Impact of postprandial hypertriglyceridemia on vascular responses in patients with coronary artery disease: effects of ACE inhibitors and fibrates.,
[Influence of postprandial hypertriglyceridemia on the endothelial function in elderly patients with coronary heart disease].,
Impact of postprandial variation in triglyceridemia on low-density lipoprotein particle size.,
Association between fasting and postprandial triglyceride levels and carotid intima-media thickness in type 2 diabetes patients.,
[Correlation of lipemia level after fat loading with manifestation of atherosclerosis in coronary arteries].,
Postprandial hypertriglyceridemia and carotid intima-media thickness in north Indian type 2 diabetic subjects.,
Association between postprandial remnant-like particle triglyceride (RLP-TG) levels and carotid intima-media thickness (IMT) in Japanese patients with type 2 diabetes: assessment by meal tolerance tests (MTT).,
Postprandial lipemia and remnant lipoproteins.
Elevated levels of platelet microparticles in carotid atherosclerosis and during the postprandial state.,
Postprandial metabolic and hormonal responses of obese dyslipidemic subjects with metabolic syndrome to test meals, rich in carbohydrate, fat or protein.,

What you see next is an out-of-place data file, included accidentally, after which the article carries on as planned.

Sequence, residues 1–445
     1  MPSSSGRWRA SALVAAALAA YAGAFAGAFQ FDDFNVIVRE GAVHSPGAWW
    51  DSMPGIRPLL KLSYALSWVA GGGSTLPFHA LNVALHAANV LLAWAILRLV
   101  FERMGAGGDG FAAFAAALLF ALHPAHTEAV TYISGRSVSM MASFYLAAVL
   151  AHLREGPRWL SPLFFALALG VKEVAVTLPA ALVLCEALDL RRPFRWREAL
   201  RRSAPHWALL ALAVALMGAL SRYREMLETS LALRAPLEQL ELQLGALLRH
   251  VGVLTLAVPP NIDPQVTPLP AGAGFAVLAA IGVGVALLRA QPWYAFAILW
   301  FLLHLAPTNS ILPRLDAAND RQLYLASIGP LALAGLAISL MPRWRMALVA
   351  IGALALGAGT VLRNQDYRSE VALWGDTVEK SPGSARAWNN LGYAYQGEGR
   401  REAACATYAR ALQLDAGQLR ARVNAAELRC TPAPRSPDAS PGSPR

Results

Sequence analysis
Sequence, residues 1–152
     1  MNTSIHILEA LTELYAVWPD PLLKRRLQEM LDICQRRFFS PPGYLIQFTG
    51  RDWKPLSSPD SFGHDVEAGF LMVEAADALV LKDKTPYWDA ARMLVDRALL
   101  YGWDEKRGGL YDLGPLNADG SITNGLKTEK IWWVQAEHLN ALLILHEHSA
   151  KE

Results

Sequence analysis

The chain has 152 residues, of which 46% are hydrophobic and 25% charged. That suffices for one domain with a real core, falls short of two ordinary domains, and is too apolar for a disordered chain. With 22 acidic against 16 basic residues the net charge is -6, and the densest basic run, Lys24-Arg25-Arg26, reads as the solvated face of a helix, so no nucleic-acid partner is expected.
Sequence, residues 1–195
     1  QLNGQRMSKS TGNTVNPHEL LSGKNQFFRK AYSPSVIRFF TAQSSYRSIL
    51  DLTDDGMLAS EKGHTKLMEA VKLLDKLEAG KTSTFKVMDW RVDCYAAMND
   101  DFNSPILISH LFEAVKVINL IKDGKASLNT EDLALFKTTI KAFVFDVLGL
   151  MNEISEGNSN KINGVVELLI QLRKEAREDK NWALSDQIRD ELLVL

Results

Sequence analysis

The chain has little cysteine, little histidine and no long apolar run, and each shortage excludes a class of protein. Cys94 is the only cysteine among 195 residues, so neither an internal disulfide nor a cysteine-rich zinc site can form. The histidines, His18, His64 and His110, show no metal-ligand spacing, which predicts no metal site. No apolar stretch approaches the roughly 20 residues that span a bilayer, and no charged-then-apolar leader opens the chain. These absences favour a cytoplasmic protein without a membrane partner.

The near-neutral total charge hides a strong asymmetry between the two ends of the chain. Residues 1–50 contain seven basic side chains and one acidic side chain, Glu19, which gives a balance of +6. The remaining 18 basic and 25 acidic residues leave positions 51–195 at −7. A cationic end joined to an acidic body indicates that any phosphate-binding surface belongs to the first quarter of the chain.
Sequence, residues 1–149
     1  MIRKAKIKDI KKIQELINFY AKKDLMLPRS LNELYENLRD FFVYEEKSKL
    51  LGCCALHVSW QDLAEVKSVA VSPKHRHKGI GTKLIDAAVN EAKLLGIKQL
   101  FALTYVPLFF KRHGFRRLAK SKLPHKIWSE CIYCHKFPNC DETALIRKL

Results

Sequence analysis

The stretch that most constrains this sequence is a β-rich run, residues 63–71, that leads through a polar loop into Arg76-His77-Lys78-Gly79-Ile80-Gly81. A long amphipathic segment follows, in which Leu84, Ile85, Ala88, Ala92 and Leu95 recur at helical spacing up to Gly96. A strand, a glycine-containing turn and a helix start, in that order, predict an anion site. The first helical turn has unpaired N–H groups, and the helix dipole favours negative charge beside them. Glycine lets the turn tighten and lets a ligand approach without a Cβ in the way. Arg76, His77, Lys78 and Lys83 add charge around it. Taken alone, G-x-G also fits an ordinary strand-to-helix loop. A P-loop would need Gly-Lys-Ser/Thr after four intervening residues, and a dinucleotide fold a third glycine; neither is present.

Atherosclerosis, diabetes and lipoproteins.
Clinical relevance of non-fasting and postprandial hypertriglyceridemia and remnant cholesterol.,
Post-prandial hypertriglyceridemia in patients with type 2 diabetes mellitus with and without macrovascular disease.,
A hypertriglyceridemic state increases high sensitivity C-reactive protein of Japanese men with normal glucose tolerance.,
CD36 inhibitors reduce postprandial hypertriglyceridemia and protect against diabetic dyslipidemia and atherosclerosis.
[Trends of evaluation of hypertriglyceridemia -from fasting to postprandial hypertriglyceridemia-].,
The effects of dietary fatty acids on the postprandial triglyceride-rich lipoprotein/apoB48 receptor axis in human monocyte/macrophage cells.

See also What Is the Significance of Postprandial Triglycerides Compared With Fasting Triglycerides? , Uncovering a Hidden Source of Cardiovascular Disease Risk and Postprandial Lipoproteins: The storm after the quiet!

A counter-argument is that the subjects in the above studies were eating carbohydrate, and that postprandial TG's aren't atherogenic if you're not eating much carbohydrate. Definitely, maybe. In the absence of carbohydrate, there is still glucose in the blood, thanks to the liver. Also, some carbohydrates don't spike blood glucose (or fructose) level. It's pure speculation that the subjects in the above studies had high blood glucose at the same time as high postprandial TG's. As Insulin Resistance/Metabolic Syndrome and/or a high-sugar diet raise fasting TG's, and there was no significant association between fasting TG's and the risk factor for CHD, this suggests that the subjects had no significant metabolic derangement and were not eating excessive amounts of sugar.